The water is essential for life on Earth both indirectly and directly. It is a universal solvent and is one of the most studied liquids ever. And yet it appears to be hiding a secret. Water might not be just one liquid; it could be two.

This might sound weird but it has been witnessed with other substances, such as germanium and silicon. These can be found in two density states depending on pressure and temperature. One is a low-density state and other is a high-density state. The point at which this occurs is called the second critical point, to differentiate from the critical point, which separates liquid states from gaseous states. The latter one for water is at a pressure of 218 atmospheres and a temperature of 374°C (705°F).

The existence of a second critical point for water is not a newly developed hypothesis. As reported in new scientist n greater detail, scientists have been looking for this phenomenon for a few decades. In 1992, researchers at Boston University studied how the density of water changed as temperatures were lowered. They discovered fluctuations in the value. This was the opposite of what was expected. At lower temperatures, there should be fewer fluctuations, not more.

Computer simulations showed that the effects would continue as the temperature of liquid water dropped below its freezing point. It was a hint that something very peculiar was going on, but this was clearly going to be difficult to prove. It is possible to have pure liquid water below the freezing point. It’s called supercooled water and it has interesting properties. But it does freeze eventually. And the suggested region for water’s second critical point, at around -45°C (-49°F), seemed unreachable.  It did until recently.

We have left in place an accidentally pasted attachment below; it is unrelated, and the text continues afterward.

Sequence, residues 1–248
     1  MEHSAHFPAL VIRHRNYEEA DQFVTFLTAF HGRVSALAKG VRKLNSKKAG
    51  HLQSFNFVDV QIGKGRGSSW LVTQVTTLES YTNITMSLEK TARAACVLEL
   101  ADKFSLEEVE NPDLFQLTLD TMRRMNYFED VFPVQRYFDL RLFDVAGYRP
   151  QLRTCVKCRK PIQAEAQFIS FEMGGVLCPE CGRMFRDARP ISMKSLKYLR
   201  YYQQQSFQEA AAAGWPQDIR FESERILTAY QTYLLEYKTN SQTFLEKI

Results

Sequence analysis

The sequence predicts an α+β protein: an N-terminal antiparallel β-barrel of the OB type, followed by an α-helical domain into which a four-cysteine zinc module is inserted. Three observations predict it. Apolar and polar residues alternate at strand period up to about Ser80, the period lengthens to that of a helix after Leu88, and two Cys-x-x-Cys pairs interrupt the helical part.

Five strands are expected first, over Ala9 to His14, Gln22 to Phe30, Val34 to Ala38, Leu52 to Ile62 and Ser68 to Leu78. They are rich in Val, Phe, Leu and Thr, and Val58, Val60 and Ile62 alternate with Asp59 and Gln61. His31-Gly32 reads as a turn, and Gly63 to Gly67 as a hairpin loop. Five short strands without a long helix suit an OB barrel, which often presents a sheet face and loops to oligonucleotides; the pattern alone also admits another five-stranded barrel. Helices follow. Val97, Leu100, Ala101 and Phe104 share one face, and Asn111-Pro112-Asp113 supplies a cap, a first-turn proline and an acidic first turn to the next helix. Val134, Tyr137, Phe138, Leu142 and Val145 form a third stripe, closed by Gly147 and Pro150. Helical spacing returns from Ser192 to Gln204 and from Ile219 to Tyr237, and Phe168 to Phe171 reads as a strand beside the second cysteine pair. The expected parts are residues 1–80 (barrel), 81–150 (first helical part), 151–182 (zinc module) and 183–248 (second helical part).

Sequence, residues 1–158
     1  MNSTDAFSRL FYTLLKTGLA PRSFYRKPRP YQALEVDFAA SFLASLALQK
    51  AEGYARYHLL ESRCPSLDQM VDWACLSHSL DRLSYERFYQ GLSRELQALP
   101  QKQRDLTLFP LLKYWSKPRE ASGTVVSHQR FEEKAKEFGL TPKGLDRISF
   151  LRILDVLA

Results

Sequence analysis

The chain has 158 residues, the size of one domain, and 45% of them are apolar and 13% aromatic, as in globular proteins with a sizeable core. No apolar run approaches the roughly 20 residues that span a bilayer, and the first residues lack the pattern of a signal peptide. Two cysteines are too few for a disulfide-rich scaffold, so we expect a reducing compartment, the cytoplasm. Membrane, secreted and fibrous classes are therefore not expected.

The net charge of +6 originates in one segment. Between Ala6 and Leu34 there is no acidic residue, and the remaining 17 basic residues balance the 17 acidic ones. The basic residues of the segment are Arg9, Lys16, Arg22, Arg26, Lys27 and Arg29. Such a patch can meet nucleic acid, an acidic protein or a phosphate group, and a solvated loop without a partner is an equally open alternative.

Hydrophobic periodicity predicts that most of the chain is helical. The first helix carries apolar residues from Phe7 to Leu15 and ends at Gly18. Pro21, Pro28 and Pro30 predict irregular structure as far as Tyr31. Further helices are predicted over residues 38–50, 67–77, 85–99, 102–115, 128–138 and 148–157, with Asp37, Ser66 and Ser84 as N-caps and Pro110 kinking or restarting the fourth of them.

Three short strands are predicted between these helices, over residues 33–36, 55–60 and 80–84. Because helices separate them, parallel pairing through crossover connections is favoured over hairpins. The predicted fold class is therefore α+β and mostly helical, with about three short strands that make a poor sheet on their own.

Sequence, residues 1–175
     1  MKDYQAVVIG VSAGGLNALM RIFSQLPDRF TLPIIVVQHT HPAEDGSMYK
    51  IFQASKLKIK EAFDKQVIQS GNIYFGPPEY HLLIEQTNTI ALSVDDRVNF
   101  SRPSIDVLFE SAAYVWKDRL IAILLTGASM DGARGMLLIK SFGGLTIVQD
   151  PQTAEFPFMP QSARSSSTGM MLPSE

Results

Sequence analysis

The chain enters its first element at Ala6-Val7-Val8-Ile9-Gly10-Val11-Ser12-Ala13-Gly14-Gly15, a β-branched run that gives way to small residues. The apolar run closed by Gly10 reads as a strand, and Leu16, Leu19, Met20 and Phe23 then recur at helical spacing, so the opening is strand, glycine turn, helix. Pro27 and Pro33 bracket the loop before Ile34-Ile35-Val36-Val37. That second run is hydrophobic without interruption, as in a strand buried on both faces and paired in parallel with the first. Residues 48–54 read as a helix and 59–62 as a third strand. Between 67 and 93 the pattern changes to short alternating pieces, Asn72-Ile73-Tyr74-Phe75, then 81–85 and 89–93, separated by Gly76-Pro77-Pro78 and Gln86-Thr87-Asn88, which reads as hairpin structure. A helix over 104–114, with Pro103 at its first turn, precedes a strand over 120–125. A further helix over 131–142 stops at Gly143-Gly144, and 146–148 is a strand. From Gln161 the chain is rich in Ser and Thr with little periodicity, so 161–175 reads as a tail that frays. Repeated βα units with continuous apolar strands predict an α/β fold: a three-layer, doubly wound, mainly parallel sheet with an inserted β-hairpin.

Two independent groups have attempted to study the region. One group used an antifreeze molecule similar in structure to water, the other group used ultrapure droplets of water in a vacuum chamber. Although the setups were very different, both teams observed density variation at that fateful temperature.

When two different techniques showing similar results are encouraging, there might be many reasons to explain the density fluctuations and they might not be related to a second critical point. More work will be necessary to prove it controversially, one way or the other. Two potential types of liquid water don’t only matter at unusual temperatures and pressures. They might help explain curious properties of water at room temperature and, according to some researchers, even matter when it comes to essential-to-life molecules such as proteins.